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Tribalingual Blog

17 Jul 2017

Culture showcase: Yorùbá

The Yorùbá speaking people are native to West Africa and have a rich and fascinating culture. They are renowned for their arts and crafts, including cloth weaving, sculpting, molding pots and effigies from clay, and metal work. Dancing, songs and celebrations are also important to the Yorùbá people; the yorùbá also have several proverbs about dancing, such as ‘the raising of the hand starts the dance’ – and traditionally bring songs to life with instruments like the ìlù, the sèkèrè, and the agogo.

The Yorùbá also occupy themselves with stories and games, though work is taken seriously. They have a huge amount of oral literature, often linked to the nature around them and including a message passed from generation to generation, teaching children how to be good members of the community. Respect for elders is especially important and young people have a responsibility to assist adults they see carrying heavy loads, and must not insult or abuse their elders. In return, adults must not cheat young people.

Here’s why you should visit Yorùbáland, according to our course teacher:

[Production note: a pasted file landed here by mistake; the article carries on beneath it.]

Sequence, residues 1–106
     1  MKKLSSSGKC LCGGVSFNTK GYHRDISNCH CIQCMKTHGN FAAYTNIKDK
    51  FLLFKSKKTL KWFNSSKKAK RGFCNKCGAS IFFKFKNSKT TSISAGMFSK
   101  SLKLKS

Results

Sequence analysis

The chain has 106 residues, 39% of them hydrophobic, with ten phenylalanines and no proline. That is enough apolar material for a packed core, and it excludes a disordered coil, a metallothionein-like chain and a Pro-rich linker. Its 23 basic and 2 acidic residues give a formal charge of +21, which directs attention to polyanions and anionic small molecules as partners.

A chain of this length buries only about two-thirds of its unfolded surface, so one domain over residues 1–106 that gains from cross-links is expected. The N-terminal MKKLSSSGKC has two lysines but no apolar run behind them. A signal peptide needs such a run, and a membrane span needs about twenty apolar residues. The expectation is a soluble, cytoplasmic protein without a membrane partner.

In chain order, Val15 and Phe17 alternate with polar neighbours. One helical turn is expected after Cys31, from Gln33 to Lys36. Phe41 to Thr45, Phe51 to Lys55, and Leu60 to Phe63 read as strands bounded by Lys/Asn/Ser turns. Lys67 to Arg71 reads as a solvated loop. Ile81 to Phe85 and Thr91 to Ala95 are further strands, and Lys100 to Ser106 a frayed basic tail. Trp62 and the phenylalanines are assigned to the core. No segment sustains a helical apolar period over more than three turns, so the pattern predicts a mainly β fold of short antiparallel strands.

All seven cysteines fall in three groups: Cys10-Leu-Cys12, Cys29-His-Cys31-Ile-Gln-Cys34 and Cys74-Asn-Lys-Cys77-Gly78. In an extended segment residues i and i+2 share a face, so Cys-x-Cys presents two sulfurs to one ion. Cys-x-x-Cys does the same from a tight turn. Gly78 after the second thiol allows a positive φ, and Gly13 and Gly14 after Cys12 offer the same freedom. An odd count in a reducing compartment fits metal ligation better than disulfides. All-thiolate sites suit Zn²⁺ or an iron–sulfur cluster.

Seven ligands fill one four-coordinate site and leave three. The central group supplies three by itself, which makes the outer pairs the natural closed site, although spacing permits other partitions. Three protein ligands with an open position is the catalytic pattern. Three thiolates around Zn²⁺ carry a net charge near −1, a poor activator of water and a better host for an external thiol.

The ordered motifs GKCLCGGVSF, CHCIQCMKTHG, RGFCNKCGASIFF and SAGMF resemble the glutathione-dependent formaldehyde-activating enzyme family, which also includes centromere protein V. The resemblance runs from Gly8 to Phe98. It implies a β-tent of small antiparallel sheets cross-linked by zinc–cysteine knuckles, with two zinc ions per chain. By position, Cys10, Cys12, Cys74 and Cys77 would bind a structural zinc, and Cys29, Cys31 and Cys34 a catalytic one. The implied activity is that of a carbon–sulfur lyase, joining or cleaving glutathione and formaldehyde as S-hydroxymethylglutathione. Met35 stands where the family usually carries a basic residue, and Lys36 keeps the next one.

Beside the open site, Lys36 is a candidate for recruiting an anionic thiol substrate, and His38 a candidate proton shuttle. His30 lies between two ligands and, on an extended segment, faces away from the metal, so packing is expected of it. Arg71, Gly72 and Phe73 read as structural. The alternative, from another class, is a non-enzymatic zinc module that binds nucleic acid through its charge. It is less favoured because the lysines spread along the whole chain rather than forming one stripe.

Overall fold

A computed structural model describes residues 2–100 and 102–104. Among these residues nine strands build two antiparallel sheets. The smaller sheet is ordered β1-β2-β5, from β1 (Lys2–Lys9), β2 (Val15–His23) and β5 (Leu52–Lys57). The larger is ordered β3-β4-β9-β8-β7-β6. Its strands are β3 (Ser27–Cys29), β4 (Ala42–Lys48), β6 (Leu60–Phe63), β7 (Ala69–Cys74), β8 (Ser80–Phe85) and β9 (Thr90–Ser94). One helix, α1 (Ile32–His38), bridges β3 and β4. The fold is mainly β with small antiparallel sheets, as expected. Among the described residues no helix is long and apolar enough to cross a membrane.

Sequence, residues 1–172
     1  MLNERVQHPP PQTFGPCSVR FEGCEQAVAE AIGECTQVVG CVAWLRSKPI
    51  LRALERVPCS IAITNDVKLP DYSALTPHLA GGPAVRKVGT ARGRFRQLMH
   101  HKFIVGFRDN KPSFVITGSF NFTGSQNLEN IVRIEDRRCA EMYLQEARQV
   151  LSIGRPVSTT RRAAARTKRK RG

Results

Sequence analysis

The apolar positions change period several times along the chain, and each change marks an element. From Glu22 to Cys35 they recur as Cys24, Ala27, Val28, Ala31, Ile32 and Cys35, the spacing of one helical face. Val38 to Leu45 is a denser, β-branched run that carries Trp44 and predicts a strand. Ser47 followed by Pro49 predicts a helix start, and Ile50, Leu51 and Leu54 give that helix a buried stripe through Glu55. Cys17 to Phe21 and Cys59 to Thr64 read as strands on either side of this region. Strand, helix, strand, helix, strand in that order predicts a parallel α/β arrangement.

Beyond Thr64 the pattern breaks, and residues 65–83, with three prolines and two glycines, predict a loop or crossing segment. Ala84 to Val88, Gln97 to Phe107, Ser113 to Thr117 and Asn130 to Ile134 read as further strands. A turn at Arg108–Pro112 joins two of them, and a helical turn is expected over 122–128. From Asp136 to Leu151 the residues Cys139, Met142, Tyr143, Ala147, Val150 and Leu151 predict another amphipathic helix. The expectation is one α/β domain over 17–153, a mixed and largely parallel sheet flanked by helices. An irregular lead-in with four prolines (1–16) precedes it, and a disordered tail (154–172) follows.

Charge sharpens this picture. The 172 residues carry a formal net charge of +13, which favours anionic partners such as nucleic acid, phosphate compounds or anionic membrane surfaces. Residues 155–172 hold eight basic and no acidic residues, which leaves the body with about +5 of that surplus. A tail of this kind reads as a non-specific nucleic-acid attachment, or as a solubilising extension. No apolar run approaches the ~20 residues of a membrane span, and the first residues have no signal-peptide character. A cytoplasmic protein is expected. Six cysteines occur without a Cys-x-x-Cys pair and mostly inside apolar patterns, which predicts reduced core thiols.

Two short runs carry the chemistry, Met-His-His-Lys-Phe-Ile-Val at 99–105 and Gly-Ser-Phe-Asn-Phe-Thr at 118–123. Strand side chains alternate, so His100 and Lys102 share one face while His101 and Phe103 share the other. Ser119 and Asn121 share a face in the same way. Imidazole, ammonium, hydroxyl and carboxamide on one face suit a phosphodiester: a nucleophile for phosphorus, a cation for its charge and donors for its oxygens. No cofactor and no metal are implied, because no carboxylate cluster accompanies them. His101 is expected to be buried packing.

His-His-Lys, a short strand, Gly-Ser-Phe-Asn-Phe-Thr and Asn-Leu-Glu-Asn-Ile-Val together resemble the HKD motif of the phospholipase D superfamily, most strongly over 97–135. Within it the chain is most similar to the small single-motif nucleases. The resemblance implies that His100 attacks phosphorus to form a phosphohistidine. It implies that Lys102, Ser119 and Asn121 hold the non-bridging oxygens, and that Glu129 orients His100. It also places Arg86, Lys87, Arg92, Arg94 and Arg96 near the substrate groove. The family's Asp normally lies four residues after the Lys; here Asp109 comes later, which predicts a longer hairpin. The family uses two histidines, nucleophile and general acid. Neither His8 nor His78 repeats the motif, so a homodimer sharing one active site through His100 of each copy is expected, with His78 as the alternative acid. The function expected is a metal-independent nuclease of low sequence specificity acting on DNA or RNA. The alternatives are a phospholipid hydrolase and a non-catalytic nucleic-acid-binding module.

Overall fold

Yorùbá people are accommodating; they like to live with strangers. In addition, there are numerous exciting tourist attractions and historical sites to visit in Yorùbáland. If you like to try out new food, why not visit Yorùbáland, there is various traditional delicacy for your delight.”

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Did you know….

  • It is believed Yorùbá had a celebration that lasted for 364 days
  • 200 Terracotta heads were found in Ilé-ifè, the ancestral home of the Yorùbá.
  • The Yoruba believe in 401 deities who carry spiritual messages to the ‘Supreme Being’ known as the Olódùmarè, one of which is Ọya, linked to the River Niger.
  • Iyán, pounded yams, is considered Yorùbáland’s best delicacy.
  • The most popular character in the Yorùbá’s many stories about animals is the tortoise, known as Ìjàpá.
  • Tattoos were drawn in Yorùbáland before modern tattooing was invented.
  • The Yorùbá have masquerades called egúngún, with costumes called èkú, as well as other types of festivals and holidays.
  • In Yoruba culture, laziness is not accepted and anyone who doesn’t take their work seriously is called ọ̀lẹ afàjò
  • A popular pastime is wrestling; young adults compete in the gídígbò competition.

To find out more about Yoruba, sign up to our course!